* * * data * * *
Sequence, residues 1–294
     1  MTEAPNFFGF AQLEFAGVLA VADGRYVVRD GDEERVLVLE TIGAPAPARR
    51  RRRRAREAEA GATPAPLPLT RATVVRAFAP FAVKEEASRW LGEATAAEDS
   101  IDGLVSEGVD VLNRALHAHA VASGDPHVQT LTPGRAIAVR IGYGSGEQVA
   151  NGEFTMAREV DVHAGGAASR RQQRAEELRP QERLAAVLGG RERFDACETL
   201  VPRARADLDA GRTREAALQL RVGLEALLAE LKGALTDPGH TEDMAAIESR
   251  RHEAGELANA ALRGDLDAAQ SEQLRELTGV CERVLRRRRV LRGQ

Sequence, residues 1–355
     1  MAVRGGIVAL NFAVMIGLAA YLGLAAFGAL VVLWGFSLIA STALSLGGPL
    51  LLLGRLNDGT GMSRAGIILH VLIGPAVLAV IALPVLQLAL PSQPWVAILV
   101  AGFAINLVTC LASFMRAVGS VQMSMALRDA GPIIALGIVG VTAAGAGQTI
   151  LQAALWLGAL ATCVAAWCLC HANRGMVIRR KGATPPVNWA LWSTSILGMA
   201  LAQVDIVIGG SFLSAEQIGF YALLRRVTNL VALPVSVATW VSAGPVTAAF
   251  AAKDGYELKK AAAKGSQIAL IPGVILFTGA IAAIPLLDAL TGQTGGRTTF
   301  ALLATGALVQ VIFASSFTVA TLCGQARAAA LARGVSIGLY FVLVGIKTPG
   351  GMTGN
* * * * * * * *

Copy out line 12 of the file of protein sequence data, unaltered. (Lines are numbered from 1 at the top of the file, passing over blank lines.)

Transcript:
   151  LQAALWLGAL ATCVAAWCLC HANRGMVIRR KGATPPVNWA LWSTSILGMA